The Archbishop of Canterbury has said the Queen’s stoic example to the country after Prince Philip’s death was “flawless” – and revealed he was “terrified” preaching before her for the first time.
Justin Welby told Sky News’ Kay Burley the Queen shows “courage, but also a complete lack of self-pity”, which is what the public sometimes gets to see.
He said there are “very few people” who know how she coped with the death of the Duke of Edinburgh in April last year and only opens her heart to people who have been alongside her for many years.
“She feels grief, but as she said on one occasion, ‘it’s not about me’ – this characterized the duke as well,” he said ahead of her Platinum Jubilee celebrations.
“Therefore she’s able to go on with this huge gap in her life with total courage.
“I don’t think there’s anyone in the country who would disagree with the idea that her stoicism, every example to the country is flawless in so many regards.”
The archbishop said that people would “have to be quite warped” to look at the “mesmerising” photo of the Queen sitting by herself at her husband’s funeral and not feel she is “someone who does what is right whatever it costs – and that is extraordinary”.
“I wish there were more of us, including myself, who had quite that sense of just going to do the right thing,” he said.
He said he had only been archbishop for six weeks when he preached in front of her for the first time, for the 60th anniversary of her coronation.
Asked how he felt, he said: “Terrified.”
‘I thought I’d said something wrong’
He then had lunch with her and some others and said he was sitting to her right and she turned away from him to talk to the Dean of Westminster.
“I didn’t realize what the rules were at that point,” he said.
“I thought ‘what have I said?’, she turned quite away from me.
“Of course, there’s a protocol for it, as soon as the main course came she turned to me and was talking to me for the whole main course then the next course she turned back.”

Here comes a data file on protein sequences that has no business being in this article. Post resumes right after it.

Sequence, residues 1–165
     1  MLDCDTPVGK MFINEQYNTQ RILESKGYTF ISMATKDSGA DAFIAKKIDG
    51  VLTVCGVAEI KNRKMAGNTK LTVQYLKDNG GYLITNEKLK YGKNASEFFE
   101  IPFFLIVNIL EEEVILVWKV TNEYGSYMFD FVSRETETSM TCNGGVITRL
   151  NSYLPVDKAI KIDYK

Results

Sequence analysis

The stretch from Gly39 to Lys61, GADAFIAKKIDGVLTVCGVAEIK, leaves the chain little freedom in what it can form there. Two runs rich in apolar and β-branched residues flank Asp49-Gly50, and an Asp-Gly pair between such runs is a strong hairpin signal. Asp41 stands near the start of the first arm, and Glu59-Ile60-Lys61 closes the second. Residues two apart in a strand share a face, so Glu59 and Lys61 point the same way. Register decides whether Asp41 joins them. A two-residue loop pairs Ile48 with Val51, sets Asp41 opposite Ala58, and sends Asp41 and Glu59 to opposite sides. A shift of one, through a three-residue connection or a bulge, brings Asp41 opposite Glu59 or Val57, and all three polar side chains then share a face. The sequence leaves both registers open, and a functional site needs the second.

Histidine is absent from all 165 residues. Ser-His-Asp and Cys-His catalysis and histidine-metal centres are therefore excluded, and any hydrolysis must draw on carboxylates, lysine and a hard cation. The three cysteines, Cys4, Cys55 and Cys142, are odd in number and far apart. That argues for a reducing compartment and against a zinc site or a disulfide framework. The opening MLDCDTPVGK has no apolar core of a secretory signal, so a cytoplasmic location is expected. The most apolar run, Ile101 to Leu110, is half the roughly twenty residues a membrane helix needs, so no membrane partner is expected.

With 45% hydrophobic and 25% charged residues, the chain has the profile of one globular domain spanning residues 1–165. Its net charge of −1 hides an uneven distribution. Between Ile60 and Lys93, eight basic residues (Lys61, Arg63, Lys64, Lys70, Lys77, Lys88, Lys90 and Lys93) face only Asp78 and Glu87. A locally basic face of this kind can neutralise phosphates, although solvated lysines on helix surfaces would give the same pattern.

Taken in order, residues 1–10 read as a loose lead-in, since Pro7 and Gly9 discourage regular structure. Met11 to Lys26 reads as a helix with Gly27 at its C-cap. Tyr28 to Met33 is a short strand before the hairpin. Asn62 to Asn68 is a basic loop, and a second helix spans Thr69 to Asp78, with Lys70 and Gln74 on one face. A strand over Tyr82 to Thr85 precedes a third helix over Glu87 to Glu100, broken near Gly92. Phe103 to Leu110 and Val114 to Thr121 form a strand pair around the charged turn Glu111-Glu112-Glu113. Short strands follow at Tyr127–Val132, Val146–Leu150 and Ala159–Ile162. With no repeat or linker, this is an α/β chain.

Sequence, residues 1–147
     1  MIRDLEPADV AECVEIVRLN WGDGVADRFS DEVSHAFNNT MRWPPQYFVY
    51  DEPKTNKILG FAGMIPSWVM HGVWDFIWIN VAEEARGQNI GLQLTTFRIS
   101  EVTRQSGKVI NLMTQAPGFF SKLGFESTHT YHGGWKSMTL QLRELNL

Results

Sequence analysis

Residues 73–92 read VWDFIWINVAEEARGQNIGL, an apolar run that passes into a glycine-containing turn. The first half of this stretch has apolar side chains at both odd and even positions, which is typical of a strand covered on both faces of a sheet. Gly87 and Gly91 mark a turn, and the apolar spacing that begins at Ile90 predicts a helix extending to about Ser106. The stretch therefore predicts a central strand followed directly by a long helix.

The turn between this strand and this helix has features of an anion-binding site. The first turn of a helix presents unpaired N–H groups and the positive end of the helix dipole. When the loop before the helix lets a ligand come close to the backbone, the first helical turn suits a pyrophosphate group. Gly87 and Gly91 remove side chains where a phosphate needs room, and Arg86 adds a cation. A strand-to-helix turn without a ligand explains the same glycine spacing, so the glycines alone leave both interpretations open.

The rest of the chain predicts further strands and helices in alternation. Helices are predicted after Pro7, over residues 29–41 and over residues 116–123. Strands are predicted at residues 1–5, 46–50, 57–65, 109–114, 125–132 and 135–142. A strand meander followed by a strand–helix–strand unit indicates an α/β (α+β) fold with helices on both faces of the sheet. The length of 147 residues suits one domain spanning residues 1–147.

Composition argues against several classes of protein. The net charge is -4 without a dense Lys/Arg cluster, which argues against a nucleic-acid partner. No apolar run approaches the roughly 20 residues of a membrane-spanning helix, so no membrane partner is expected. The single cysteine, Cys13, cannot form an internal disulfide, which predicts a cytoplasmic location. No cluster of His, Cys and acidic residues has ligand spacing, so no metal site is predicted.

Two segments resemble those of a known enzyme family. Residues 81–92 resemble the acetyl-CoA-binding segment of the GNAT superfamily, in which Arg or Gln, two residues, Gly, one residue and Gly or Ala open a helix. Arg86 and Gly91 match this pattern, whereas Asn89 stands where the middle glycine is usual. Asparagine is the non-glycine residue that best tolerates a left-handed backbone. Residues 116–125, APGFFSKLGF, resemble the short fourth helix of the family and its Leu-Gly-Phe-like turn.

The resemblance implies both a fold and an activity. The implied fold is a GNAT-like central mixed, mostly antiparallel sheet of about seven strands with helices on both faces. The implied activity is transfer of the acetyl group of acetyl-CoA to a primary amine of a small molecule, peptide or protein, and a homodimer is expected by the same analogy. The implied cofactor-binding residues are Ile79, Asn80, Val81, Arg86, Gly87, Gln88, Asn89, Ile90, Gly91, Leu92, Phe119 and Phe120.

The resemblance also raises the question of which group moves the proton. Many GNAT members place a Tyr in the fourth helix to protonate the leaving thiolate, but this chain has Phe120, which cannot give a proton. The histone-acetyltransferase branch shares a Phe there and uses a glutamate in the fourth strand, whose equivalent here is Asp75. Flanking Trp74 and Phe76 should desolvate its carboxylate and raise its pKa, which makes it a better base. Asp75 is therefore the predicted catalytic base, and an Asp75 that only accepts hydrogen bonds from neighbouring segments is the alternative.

‘The healing impact’
The Archbishop, who has been the Church of England’s most senior bishop since 2013, said the first time he “properly” met the Queen he experienced an “extraordinary moment”.
He said the Queen was at a reception in Liverpool, where he was dean of the cathedral, and a Rwandan asylum seeker who had survived the genocide was put on the Queen’s table.
“At the end of lunch, when everyone else was going off the Queen spent 15 to 20 minutes just sitting and talking to her.
“She gave that completely ‘unimportant’ woman absolutely focus, it was something the woman never forgot and the healing impact she had on her was quite extraordinary.”
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He said he has “lots of fond memories – I can’t think of any unfond memories” of the Queen.
Another of those was after the Duke of Edinburgh’s funeral when she was meant to go back to her apartments but noticed some German relatives among the few guests allowed.
“She very firmly didn’t get into the car and went into the cloisters by St George’s Chapel and talked to them to make them feel welcome and appreciated,” he said.
The archbishop was due to lead a thanksgiving service at St Paul’s Cathedral on Friday for the Platinum Jubilee but tested positive for COVID-19 on Monday.
The Archbishop of York will preach the St Paul’s sermon in his place.
Mr Welby revealed the service would have “distinct echoes of the coronation” with the music, but will also be “forward-looking” and not nostalgic.
“I think it’s a service that, if we allow ourselves, will have a massive uniting impact on the country.”